The Shift in the Canadian Oil and Gas Industry

 

By Scott Douglas Jacobsen

According to Hellenic Shipping News Worldwide, there is an ongoing shift in the business of Canadian oil and gas if the national industry wants to remain competitive.

A report released by PetroLMI of Energy Safety Canada described the need for new skills for the upcoming jobs in the international competition of the oil and gas industry. The future seems more inclined towards green energy and renewable ones.

Until then, “A Workforce in Transition: Oil and Gas Skills of the Future” talked about the shift in skills and occupations within the Canadian industrial work base in the energy sector.

Both federal and provincial governments have been proposing a series of changes to regulation with integration or adoption of the automation and data analytics technologies coming online.

When I worked in a Learning Analytics Research Group, the research remained based in education and the improvement in student performance. Some incorporated the new technology and software tools found in narrow artificial intelligence developed with machine learning and neural networks models.

Automation tied to these programs could improve various inefficiencies at different levels of process, of operations. Into the future, especially with the price and energy production performance of enewables outpacing standard hydrocarbon – or 20th century – energy sources, I would like to see these new technologies applied to make the full transition to renewables.

Even if nuclear, and if a breakdown, we would talk about half-lives of tens of thousands of years, which amounts to new forms of waste and pollution to people around the world only as far back as the 19th century.

There are new manufacturing technologies for oil and gas now, though. With the shifts in the extant economy here, the Vice President of Communications and PetroLMI for Energy Safety Canada, Carol Howes, stated, “This report examines where the exciting opportunities lie for new and interesting careers, and those occupations that will be on the decline, if not eliminated, because of these changes to the oil and gas business.”

I agree with Howes. However, the scope seems to narrow. The decline and potential elimination will be much of the oil and gas industry in the medium and long-term projections. People shifting into these new oil and gas jobs should predict the need to retrain and switch once more out of the oil and gas industry even if climate change is not a concern for them and only narrow economic self-interest is the concern, which is valid.

The jobs not associated with oil and gas will be more linked to the oil and gas industry in the near future.

As the reportage stated, “Occupations not traditionally considered oil and gas jobs will be more in demand – those such as data management and analytics specialists, instrumentation technologists and software engineers. Increasing numbers of natural science professionals and environmental service workers will also be required.”

There will be a dual-skillset necessary to compete in the global oil and gas industry. First, the need for mechanical skills and then also the digital skills associated with those new technologies and especially the analytics.

The article continued, “New government regulations governing major energy project approvals will require a greater need for expertise in Indigenous traditional knowledge, public health specialists, biologists and economic development specialists, says the report.”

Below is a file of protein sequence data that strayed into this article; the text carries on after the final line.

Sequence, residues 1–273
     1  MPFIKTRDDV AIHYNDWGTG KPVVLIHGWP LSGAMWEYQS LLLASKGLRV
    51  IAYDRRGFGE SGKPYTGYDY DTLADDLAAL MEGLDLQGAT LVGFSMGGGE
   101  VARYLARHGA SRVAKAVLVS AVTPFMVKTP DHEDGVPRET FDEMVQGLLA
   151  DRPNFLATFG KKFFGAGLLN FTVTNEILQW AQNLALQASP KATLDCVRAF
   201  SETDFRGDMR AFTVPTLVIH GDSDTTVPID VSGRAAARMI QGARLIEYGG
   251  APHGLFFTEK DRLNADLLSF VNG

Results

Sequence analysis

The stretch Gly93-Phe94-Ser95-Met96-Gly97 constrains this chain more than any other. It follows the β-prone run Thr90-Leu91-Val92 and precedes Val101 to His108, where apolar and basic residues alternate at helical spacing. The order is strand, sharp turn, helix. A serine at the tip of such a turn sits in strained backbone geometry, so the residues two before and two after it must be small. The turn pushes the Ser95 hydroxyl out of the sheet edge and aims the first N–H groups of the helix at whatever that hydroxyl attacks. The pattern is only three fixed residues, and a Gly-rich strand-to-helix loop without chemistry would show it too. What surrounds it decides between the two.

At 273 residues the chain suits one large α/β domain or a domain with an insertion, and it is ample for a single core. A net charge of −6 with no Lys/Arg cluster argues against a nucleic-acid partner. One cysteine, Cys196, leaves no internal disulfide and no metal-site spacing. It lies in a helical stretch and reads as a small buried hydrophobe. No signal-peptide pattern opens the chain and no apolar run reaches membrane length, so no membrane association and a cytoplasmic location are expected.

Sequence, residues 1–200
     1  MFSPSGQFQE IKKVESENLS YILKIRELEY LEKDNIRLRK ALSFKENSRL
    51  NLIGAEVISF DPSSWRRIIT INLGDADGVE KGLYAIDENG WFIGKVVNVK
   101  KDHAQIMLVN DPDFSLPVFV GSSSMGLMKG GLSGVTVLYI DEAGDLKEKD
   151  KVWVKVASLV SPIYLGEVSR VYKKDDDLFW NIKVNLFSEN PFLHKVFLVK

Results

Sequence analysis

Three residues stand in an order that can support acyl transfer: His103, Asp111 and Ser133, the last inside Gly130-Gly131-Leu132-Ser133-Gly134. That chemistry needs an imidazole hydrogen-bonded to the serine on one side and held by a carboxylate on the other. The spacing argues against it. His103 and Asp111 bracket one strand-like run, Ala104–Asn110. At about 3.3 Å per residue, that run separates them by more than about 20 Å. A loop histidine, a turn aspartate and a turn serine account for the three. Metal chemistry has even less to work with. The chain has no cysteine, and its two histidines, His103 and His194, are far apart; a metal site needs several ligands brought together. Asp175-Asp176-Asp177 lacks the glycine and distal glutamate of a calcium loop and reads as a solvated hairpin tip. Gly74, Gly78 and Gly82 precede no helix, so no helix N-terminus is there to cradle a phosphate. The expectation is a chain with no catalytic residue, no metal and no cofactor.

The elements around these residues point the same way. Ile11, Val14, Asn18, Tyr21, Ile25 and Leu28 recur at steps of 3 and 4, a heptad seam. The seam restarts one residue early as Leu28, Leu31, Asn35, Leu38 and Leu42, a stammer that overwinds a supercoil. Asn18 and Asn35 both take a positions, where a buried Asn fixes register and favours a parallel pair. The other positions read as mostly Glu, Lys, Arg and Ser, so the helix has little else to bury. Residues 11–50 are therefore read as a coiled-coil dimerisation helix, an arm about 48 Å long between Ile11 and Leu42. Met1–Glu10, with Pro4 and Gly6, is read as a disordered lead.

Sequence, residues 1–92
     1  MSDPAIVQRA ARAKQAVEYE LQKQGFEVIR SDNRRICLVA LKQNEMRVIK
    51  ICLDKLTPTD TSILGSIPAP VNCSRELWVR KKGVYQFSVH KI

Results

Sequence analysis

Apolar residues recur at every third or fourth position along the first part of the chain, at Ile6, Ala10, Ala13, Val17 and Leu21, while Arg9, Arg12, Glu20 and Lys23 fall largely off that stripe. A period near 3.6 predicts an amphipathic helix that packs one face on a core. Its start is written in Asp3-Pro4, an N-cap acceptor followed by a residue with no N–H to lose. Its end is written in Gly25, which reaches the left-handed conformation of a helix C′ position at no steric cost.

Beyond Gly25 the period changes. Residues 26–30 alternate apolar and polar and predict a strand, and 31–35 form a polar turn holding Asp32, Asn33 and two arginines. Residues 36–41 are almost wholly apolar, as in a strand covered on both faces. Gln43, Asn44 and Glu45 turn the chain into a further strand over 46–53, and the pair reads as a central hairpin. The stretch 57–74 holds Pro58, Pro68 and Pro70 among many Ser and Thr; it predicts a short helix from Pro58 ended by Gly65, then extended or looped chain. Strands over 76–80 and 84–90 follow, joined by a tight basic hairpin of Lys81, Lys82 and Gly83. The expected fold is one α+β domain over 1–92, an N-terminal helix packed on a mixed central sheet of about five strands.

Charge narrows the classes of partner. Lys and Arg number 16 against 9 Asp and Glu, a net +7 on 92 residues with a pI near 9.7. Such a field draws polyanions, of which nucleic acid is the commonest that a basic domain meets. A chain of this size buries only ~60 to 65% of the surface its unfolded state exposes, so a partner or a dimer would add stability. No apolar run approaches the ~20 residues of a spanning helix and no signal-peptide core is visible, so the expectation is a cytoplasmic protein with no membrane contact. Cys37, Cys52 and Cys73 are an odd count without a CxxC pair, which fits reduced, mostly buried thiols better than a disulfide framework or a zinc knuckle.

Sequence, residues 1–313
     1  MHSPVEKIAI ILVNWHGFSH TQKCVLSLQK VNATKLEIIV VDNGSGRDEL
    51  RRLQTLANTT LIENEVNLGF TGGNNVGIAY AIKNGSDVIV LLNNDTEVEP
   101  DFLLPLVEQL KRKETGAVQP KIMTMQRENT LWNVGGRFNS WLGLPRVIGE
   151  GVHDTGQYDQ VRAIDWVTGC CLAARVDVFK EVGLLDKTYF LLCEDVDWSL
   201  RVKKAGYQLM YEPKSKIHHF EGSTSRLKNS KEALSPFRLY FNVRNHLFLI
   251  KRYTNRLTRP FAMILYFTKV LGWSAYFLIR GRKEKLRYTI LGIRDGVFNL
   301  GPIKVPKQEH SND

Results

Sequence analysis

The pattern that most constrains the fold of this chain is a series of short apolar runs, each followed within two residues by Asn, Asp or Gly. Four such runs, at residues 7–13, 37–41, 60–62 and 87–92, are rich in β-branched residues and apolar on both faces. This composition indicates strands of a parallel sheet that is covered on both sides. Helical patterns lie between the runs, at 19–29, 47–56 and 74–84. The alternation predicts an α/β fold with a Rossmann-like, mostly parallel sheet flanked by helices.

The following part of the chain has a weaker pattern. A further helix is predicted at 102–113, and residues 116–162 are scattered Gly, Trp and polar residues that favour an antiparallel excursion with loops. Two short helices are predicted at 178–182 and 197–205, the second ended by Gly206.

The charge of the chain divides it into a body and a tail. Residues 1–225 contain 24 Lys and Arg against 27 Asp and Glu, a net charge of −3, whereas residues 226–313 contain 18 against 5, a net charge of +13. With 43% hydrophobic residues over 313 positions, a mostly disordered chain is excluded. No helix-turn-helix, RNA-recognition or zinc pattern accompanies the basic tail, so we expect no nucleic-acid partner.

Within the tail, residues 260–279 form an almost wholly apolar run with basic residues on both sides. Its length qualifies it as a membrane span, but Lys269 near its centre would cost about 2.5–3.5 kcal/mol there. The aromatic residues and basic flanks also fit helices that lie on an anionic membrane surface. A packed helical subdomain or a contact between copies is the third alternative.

All important and complex facets of the emergence of new transitional industries. The need for public support becomes more important as the risks become better known by a wider range of people, more citizens.

Wth the climate strategy from the federal, provincial, and territorial governments, there will be work for the reduction of carbon dioxide and methane emissions. That will translate into needed jobs for the ”

Meanwhile, communications and consulting abilities will be heavily relied on to earn and maintain public support for these projects “measurement, mitigation and reporting” about them.

There will be the incremnetal increase of photovoltaic, wind, geothermal, and other energy technologies as the economies of the developed world especially and the rest of the world eventually transition into renewable energy markets.

“The adoption of automation and data analytics technologies is already improving Canada’s oil and gas industry’s productivity, safety and profitability,” the article stated, “As a greater number of tasks are automated, however, more of the workforce will need to be digitally literate as well as more innovative and creative in looking for productivity improvements.”

With more analytics in the market, rhe more data scientists will be needed. In that, we should be training these individuals in increasing numbers, now, especially in oil and gas powerhouses such as the province of Alberta.

At the same time, we should start to work on the training for the upcoming and ongoing employment of alternative energy sources in the newer economies and industries of, for example, renewable resources.

Howe concluded, “With all of this change comes both challenges and exciting opportunities for Canadians working in the oil and gas industry and for those who are looking to become part of it,” said Howes, “Like other industries, the oil and gas industry is adapting and evolving and its workforce will need to do so also.”

Scott Douglas Jacobsen is the Founder of In-Sight: Independent Interview-Based Journal and In-Sight Publishing. He authored/co-authored some e-books, free or low-cost. If you want to contact Scott: Scott.D.Jacobsen@Gmail.com.

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Image Credit: Pixabay.

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